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Committee will submit SOI forms

By Natasha Clark

Reminder Assistant Editor

WILBRAHAM At last week's meeting, the Hampden-Wilbraham Regional School Committee said they will submit their Statement of Interest forms to the Board of Selectmen of both Wilbraham and Hampden, reflecting the Committee's interest in a school building project Minnechaug Regional High School. The official form will be sent to the state on May 2.

A Statement of Interest for such projects became a requirement when the Massachusetts School Building Authority deemed it a necessity in January a school district can not submit school building project to the state without it.

Under the Massachusetts School Building Authority, tours of Massachusetts school districts have been organized. According to assessments, schools will fall under various categories. School Committee Chair Scott R. Chapman said the district is also waiting to hear back from the state on what sort of project MRHS is categorized as; he said they are expecting MRHS to fall under cateory three or four.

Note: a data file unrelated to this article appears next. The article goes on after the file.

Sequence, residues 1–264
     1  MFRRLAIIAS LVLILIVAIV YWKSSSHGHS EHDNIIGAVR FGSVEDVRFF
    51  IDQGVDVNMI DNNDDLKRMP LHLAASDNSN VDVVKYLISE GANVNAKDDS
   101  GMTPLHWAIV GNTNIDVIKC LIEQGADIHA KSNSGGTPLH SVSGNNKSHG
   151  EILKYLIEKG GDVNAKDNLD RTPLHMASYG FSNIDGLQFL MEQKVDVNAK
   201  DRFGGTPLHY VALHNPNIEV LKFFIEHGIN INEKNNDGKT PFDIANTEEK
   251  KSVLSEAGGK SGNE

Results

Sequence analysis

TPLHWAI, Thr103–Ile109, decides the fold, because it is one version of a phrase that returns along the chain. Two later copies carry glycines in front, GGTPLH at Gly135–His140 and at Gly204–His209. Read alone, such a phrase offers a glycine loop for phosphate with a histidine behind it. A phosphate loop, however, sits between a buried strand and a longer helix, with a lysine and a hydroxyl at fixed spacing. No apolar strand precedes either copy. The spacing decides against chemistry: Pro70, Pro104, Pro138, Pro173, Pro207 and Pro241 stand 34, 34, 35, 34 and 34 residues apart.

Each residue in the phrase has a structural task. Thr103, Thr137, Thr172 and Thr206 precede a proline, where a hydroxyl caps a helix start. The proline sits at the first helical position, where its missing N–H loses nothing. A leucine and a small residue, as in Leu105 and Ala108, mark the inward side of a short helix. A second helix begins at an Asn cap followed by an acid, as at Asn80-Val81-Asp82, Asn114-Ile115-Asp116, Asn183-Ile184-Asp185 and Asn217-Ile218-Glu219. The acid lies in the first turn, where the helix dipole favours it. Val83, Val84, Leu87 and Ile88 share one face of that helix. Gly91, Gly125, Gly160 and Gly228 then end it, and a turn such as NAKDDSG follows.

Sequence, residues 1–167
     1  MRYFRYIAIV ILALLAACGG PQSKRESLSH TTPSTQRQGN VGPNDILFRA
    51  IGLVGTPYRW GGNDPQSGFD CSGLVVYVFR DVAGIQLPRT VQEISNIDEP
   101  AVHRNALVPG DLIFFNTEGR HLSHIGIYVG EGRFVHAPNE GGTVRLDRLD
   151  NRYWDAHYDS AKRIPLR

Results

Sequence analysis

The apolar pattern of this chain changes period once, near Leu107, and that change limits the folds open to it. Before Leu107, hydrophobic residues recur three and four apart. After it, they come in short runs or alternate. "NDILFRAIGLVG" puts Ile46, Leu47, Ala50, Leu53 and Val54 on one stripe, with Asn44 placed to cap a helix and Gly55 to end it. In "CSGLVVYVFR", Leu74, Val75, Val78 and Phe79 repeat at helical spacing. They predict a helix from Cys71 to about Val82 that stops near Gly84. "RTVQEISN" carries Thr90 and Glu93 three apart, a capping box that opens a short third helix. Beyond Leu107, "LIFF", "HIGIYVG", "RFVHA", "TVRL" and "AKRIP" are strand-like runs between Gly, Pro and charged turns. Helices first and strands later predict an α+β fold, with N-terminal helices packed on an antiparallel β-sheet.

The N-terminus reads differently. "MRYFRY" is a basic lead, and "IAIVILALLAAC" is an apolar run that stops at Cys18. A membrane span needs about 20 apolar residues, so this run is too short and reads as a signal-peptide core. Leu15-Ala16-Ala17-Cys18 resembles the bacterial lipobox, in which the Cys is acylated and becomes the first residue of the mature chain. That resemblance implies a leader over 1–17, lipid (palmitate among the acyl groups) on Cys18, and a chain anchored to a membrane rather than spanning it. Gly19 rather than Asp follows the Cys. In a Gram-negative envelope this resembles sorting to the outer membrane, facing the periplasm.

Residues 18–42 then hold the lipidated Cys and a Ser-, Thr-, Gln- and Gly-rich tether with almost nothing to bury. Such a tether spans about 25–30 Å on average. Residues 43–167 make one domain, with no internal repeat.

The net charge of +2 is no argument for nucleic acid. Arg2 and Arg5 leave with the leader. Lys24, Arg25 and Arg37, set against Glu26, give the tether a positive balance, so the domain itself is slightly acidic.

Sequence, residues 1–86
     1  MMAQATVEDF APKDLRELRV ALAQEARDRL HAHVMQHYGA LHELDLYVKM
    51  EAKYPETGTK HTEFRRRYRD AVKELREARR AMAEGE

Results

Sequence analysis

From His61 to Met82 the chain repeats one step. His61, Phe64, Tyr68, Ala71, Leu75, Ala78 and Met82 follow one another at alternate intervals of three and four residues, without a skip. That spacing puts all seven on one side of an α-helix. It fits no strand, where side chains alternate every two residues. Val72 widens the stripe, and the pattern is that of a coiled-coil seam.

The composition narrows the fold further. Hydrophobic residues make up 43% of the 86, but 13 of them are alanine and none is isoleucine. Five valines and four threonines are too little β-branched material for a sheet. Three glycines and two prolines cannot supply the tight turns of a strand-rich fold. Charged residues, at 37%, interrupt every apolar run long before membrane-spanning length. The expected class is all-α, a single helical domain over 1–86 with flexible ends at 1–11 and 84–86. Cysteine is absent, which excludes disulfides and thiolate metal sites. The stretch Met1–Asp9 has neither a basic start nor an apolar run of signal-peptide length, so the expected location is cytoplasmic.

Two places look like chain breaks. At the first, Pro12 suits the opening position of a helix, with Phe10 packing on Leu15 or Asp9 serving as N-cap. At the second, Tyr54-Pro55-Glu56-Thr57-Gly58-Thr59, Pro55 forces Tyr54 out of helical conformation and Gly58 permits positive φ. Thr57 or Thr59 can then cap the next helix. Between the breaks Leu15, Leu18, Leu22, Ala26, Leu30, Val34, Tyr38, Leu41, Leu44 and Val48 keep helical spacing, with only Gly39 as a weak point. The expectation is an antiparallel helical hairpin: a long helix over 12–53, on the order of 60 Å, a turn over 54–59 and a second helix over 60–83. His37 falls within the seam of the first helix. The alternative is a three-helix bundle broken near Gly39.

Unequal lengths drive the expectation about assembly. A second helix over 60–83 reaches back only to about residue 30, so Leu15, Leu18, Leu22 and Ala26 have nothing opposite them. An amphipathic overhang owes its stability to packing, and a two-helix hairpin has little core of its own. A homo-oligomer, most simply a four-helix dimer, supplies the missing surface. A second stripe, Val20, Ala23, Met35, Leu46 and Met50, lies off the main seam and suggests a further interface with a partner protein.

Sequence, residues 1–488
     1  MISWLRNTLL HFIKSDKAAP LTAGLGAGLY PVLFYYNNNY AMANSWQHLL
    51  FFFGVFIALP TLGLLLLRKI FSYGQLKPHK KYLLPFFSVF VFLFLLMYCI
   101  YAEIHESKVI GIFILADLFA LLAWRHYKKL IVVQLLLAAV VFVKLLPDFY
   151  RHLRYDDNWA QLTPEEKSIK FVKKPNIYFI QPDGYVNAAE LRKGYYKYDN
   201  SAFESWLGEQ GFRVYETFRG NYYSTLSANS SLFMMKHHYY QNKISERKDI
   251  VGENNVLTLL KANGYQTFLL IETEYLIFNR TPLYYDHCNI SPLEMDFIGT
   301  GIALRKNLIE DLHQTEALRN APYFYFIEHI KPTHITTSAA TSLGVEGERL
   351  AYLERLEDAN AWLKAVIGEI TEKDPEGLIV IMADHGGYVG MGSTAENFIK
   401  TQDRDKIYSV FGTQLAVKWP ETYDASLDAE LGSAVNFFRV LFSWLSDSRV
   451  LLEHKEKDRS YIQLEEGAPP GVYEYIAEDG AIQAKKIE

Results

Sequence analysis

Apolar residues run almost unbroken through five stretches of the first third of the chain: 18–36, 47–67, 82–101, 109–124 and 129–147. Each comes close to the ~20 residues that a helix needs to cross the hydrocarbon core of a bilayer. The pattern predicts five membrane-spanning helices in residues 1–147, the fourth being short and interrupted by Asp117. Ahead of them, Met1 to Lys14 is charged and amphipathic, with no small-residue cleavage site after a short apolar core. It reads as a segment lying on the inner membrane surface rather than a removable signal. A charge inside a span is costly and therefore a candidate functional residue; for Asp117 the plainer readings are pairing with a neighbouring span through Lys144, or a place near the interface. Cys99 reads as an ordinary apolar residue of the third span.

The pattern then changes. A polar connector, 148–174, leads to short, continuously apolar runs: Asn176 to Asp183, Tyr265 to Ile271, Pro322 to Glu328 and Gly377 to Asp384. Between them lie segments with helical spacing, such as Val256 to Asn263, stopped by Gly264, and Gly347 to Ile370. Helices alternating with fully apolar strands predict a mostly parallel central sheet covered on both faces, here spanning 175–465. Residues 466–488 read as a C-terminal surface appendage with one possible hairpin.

"Category three [means] the building needs extensive renovations. Presumably with category three [the state] would fund their share of renovation costs," Chapman said. "Category four [means] the building needs to be replaced. What category we're in coincides with the Statement of Interest being filed."

A Statement of Interest form defines the priorites school construction and renovation projects must fall under.

Chapman said finding out Hampden-Wilbraham's category is the key thing.

"It influences our planning," he added.

In other School Committee news:

Chapman said the Massachusetts House of Representatives' budget cuts state aid tremendously in comparison to what Governor Mitt Romney's Buget proposed.

"The big budget issue was the House budget," Chapman said. "It came out on Monday and they cut the amount of Chapter 70 (state aid) from the Governor's number."

Chapman said the difference in the House's budget could cut about $300,000 from the district's budget. He plans to write letters to the House Speaker and western Massachusetts delegates asking them to restore the numbers to match the Governor's, if not surpass it.

"[If] we have to live with the House number, it is going to affect our bottom line," Chapman added.